Part 3: Cool Roof Rebates, Incentives Can Vary By Region, Political Climate
Cool Roof Rebates, Incentives Can Vary By Region, Political Climate
By Casey Laughman, Managing Editor - April 2012 - Roofing
As for other incentives, including utility-driven programs, a lot can depend on the climate — both weather and political. In Florida and California, a cool roof program is an easy sell. In other areas, it can be more contentious.
In the Southeast and Southwest, cool roof rebates are generally available from utilities, and in some cases are quite substantial — Florida Power and Light offers up to 45 cents per square foot for roofs that meet the program's requirements. To qualify, a newly installed roof has to be Energy Star compliant; in a retrofit, the project qualifies if "the existing solar reflectance of your roof is 40 percent and the retrofit application reflects at least 73 percent of the sun's heat."
For most utility incentives and energy saving programs, it's not good enough to simply have meters that track overall usage. Instead, the meters have to be able to provide detailed information on exactly how much energy is being used at certain times of day and how much usage can be dialed back when participating in programs like demand response. With this data available, a facility can gain much more flexibility when it comes to determining how to run systems such as lighting and HVAC during heavy demand times and how to take advantage of utility-sponsored incentives.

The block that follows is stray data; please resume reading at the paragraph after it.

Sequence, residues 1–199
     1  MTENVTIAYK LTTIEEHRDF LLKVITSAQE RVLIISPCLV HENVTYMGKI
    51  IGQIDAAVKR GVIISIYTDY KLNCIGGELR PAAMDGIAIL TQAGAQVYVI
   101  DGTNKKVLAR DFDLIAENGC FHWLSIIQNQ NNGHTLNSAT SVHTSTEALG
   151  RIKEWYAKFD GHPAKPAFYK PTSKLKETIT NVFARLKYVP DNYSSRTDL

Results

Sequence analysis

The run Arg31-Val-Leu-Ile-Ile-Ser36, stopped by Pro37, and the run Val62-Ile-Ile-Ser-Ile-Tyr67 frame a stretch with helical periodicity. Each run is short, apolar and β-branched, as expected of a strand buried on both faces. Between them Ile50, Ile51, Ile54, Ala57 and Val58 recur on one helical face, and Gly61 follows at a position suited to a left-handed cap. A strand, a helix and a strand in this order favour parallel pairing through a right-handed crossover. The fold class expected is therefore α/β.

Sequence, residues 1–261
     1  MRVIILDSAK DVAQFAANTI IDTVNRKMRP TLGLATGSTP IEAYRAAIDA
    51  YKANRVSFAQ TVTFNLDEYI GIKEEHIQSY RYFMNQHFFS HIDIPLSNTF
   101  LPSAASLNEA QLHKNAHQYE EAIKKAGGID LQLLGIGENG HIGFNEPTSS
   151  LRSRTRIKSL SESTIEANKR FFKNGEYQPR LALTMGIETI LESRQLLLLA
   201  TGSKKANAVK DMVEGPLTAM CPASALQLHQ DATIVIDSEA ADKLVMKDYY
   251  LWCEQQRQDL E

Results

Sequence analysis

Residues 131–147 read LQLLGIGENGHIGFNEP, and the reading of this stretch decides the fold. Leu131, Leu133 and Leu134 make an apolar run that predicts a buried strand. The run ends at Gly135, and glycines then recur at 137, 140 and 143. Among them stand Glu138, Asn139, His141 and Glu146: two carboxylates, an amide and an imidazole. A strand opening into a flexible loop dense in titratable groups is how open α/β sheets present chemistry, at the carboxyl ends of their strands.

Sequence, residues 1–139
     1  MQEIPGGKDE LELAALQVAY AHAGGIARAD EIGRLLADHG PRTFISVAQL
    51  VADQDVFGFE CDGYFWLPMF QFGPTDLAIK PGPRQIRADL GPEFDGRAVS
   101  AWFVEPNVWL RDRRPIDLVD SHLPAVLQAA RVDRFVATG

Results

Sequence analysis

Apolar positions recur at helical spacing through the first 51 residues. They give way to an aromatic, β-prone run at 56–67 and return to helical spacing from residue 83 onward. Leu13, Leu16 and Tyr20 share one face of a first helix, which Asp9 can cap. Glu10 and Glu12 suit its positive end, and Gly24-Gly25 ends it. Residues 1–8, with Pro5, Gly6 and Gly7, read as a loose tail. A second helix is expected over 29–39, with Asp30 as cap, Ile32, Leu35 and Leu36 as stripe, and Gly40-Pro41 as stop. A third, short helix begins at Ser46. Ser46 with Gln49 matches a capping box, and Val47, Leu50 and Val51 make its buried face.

If a facility has to install additional metering, that cost has to be weighed against the value of the utility incentive.
"It's one thing to justify new metering in California, where those new meters will provide a real benefit 300 days a year plus, versus Chicago, where maybe the benefit of this very expensive new metering system is only going to come into play in June, July and August," Hoff says.
Benefits Beyond the Building
Why are there incentives to install cool roofs? One reason is that cool roofs help cut down on the "heat island" effect from large commercial buildings. To put it simply, if there's less heat being retained in a certain area, then any building within that area will need less effort from its HVAC system to maintain a comfortable temperature. In areas with warm temperatures and lots of sun, widespread use of cool roofs can make a big difference in how much power is used citywide. Even in cooler climates like Chicago, which requires cool roofs, the density of commercial buildings means that cool roofs can help cut down on the heat island effect. A cooler city needs less cooling energy. That doesn't even begin to describe the other benefits of reducing heat islands, such as reduced pollution and greenhouse gas emissions.